Age Matters in Tax Law

Many tax provisions are linked to age, so whenever there’s a birthday in the family, check for changes to take into account as you do your tax planning.

Age: What it Means for Your Taxes

Major age milestones include the following:

Age 13  Beginning at this age, your child no longer qualifies for the child care credit.

Age 17  From this age on, your son or daughter no longer qualifies for the child tax credit (different from the child care credit, above).

Age 18  When your child reaches this age, his or her Coverdell education savings account is not permitted to accept new contributions (except in the case of special needs beneficiaries).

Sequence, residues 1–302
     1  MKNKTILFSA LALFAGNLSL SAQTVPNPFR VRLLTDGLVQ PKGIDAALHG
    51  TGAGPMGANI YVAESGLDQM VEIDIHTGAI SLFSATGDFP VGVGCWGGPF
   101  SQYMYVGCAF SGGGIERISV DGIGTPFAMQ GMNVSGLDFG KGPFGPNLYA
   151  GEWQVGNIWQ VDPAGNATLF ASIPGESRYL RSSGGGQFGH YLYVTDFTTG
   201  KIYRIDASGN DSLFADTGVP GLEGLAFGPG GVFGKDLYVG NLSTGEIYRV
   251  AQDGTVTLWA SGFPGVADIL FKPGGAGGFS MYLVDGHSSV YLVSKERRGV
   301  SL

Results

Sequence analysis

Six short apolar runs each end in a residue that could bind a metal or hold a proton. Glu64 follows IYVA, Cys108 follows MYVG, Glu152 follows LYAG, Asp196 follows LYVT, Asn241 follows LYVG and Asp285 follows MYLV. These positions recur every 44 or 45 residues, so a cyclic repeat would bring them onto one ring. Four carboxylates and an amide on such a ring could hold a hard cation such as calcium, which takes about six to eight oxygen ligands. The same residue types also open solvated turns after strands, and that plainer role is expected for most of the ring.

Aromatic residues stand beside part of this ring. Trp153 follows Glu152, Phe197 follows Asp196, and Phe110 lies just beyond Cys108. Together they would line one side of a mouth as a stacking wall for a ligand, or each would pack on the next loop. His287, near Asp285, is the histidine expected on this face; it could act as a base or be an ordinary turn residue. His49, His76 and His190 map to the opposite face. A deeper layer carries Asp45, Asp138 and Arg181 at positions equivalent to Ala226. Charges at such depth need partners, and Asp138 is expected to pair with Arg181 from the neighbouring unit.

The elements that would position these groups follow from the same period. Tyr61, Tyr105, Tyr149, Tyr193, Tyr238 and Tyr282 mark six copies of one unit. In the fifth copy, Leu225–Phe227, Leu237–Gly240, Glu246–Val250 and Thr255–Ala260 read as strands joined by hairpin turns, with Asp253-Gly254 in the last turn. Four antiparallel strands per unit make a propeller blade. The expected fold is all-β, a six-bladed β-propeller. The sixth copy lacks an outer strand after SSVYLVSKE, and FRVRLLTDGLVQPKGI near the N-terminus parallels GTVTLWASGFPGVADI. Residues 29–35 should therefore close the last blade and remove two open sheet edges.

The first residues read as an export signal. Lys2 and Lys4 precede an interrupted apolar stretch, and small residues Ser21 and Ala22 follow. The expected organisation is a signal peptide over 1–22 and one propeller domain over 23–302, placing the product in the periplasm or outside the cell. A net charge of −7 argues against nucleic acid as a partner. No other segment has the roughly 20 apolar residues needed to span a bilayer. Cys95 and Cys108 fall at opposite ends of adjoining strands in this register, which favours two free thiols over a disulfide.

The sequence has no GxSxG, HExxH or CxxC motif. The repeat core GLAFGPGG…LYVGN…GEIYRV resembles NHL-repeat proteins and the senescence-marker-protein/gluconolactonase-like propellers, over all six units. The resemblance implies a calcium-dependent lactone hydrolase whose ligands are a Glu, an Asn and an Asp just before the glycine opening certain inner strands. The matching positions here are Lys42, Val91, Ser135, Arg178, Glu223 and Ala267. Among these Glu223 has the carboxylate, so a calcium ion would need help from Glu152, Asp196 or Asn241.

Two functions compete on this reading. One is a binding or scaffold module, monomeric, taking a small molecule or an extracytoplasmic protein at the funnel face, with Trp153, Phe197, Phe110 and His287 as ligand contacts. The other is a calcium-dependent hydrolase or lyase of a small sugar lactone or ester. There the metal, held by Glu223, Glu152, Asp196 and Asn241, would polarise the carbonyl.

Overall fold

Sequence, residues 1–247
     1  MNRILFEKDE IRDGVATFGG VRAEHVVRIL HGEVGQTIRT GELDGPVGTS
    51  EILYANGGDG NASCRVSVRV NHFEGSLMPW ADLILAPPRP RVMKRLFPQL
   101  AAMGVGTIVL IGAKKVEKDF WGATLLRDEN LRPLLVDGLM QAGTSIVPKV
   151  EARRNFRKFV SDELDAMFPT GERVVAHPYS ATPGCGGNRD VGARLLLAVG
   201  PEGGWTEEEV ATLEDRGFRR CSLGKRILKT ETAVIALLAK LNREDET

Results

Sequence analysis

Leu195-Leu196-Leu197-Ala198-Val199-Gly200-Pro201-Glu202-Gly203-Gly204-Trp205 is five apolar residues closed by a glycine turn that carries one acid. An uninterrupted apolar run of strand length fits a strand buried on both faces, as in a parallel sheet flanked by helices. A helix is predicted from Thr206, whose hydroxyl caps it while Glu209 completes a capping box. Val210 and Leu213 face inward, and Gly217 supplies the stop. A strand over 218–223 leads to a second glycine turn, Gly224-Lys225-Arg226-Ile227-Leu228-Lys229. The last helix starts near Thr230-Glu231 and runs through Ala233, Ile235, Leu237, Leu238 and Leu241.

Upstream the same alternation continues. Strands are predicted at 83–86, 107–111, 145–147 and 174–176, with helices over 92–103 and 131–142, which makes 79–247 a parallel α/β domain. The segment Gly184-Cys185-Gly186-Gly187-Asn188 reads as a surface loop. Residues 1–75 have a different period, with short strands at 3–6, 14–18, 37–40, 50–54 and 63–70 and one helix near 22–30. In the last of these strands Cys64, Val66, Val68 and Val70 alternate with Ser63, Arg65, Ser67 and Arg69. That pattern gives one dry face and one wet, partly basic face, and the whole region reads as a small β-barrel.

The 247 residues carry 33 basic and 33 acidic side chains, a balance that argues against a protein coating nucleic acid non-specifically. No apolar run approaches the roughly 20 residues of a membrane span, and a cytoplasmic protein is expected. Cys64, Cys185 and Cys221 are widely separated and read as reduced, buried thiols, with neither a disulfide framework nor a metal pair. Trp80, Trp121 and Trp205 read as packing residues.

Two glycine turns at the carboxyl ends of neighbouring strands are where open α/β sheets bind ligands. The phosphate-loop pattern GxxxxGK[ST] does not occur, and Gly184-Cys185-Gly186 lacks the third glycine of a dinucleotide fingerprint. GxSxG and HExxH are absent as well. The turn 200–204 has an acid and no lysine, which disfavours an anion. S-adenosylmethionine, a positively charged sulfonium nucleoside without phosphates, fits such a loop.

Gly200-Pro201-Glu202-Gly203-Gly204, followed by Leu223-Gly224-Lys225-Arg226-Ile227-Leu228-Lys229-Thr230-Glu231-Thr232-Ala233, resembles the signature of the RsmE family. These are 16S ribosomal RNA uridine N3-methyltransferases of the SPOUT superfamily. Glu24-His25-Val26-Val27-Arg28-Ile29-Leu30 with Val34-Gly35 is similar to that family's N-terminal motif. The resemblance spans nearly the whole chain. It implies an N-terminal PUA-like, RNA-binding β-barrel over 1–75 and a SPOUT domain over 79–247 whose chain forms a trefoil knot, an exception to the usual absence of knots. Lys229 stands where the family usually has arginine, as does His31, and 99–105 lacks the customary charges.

Age 18  Beginning at this age, you must pay social security taxes for any of your children that you employ in an unincorporated business.

Age 19  Is your child a full-time student? Unless you answer “yes,” you could lose the dependency deduction once your child reaches this age.

Age 24  Upon reaching this age, none of your child’s investment income will be taxed at your rate under the “kiddie tax” rules.

Age 30  By this age, any amount remaining in your child’s Coverdell education savings account must be distributed or rolled over to an education savings account for another qualifying family member.

Age 59½ You may start withdrawing money from your IRA, 401(k), and other retirement plans without penalty.

Age 65  Beginning at this age, you generally qualify for a higher standard deduction.

Age 65  Also at this age, low-income seniors may qualify for a special tax credit.

Age 70½ You must start withdrawing at least a required minimum amount from your IRA each year to avoid a stiff penalty. (This requirement doesn’t apply to Roth IRAs.)

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